Even the bottom club this season will get around £100 million and this rise has inflated the value of all Premier League clubs, which are increasingly becoming targets for acquisition by overseas investors.
Last month, London financial newspaper City AM published an analysis of other clauses in the lease, including those surrounding a potential sale of West Ham by its owners, 67-year-old David Sullivan, and 79-year-old David Gold.
The newspaper claimed that the deal ‘could represent a personal windfall’ to Gold and Sullivan because the club has debts of £91 million, which must be cleared before any sale.
According to the analysis, a sale of the club for £125 million or more in the next 10 years would benefit the British taxpayer. But City AM claimed that based on latest financial information, if the club was sold for £215 million the taxpayer would not get anything but ‘Sullivan and Gold, meanwhile, would stand to pocket at least £165m – a profit of around £31m on their investment – in that scenario,’ wrote City AM.
In response, West Ham insisted to City AM that a sale is not likely.
The club did not respond to requests for a comment on the stadium deal, but the LLDC defended the decision to cover policing.
“As the Stadium operator, it is E20 Stadium LLP’s responsibility to pay for the venue’s overall policing costs under safety and security legislation,” said the LLDC to playthegame.org in a statement.
“As a tenant, these costs are included in the rent paid by West Ham. E20 Stadium LLP has worked closely with the Metropolitan Police to create an appropriate policing strategy for all Stadium events.”
A shift towards a US model
The Olympic deal is a shift towards a model more prevalent in North America, where taxpayers fund the building of new stadia to attract major sports franchises.
Roger G Noll, a professor of economics, who specializes in this area, says: “The West Ham stadium deal … seems broadly similar to the arrangements that US teams have for publicly owned facilities. Typically the local entity gets an annual rent plus a share of profits from activities in the facility. Usually, but not always, a corporate affiliate of the team - a separate company owned by the team or the entity that owns the team - has a contract to operate the stadium. But these deals can be complex.”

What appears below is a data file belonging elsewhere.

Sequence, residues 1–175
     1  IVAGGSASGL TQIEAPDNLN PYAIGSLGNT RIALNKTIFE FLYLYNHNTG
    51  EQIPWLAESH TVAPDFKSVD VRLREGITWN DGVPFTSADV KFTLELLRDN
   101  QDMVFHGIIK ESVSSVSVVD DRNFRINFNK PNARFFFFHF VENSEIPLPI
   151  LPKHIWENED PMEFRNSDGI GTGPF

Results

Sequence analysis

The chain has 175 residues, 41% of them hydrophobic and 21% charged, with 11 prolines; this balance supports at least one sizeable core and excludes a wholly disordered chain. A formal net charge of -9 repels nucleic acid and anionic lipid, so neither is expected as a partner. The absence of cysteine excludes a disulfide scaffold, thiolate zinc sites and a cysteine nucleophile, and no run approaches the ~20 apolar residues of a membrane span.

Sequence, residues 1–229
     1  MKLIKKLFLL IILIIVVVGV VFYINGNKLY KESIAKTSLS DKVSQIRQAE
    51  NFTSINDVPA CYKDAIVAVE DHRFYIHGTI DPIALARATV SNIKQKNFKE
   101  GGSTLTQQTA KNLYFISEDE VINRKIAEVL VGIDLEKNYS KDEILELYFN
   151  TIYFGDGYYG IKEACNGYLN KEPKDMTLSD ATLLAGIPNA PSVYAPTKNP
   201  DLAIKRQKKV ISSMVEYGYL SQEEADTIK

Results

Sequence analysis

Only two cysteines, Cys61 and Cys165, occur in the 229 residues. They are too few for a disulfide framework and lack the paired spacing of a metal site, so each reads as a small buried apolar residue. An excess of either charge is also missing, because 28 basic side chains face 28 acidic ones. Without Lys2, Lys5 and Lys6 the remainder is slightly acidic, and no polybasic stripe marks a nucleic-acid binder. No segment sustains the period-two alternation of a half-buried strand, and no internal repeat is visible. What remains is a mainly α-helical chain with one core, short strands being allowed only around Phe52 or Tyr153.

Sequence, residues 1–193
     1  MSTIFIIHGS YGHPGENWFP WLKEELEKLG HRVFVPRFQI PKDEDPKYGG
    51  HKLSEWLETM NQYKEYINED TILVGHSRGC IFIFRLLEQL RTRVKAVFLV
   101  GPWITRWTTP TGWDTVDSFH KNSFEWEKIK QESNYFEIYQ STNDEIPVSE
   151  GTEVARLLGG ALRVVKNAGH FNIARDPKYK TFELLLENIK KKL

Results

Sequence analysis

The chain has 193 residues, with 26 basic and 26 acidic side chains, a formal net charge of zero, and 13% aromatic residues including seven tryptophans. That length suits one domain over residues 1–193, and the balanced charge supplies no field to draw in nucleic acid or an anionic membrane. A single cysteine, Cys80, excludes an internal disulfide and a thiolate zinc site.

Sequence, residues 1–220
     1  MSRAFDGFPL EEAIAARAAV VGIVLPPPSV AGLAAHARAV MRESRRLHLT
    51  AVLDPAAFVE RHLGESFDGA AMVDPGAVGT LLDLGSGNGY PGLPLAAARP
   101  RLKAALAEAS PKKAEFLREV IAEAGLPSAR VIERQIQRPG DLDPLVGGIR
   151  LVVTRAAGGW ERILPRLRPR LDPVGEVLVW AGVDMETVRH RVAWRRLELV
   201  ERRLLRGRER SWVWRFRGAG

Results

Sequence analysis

Noll cites the Levi Stadium in San Francisco, which is home to the city’s American football franchise, the 49ers. A corporation that is owned by the team is in charge of day-to-day operations, such as field maintenance, stadium clean up, scheduling events other than 49ers games, hiring day-of-game staff, leasing sales stalls to concessions says Noll.
A corporation owned by the city actually owns the stadium and is in charge of stadium repairs and upgrades. The first company pays rent to the second, and the second receives a share of the profits from events other than 49ers games. The costs of maintaining the field are deductible from rent.
Noll adds: “One difference from West Ham is that the corporation owned by the city is responsible for paying off the debt that was used to finance the stadium. In theory, the rent plus profit sharing is supposed to cover this.”
At the Levi Stadium, the 49ers are supposed to reimburse the city for the cost of police but this has led to a controversy over whether this compensation is adequate.
This seems likely to occur in London too. The Olympic Stadium is an iconic landmark in an urban area and in close proximity to Westfield Stratford City, which is one of the largest urban shopping centres in Europe.
“What if the whole of the Westfield Centre is affected by West Ham games and they have to start policing that?” asks Hunt. “I can see the police costs spiralling.”
The Met describes this cost as ‘unrecoverable’, which would mean yet more cost to the public purse.
The true legacy of the Olympic Stadium seems to be one that offers a privately-owned football club a chance to grow substantially and compete with bigger rivals, which will only increase the costs to the British taxpayer.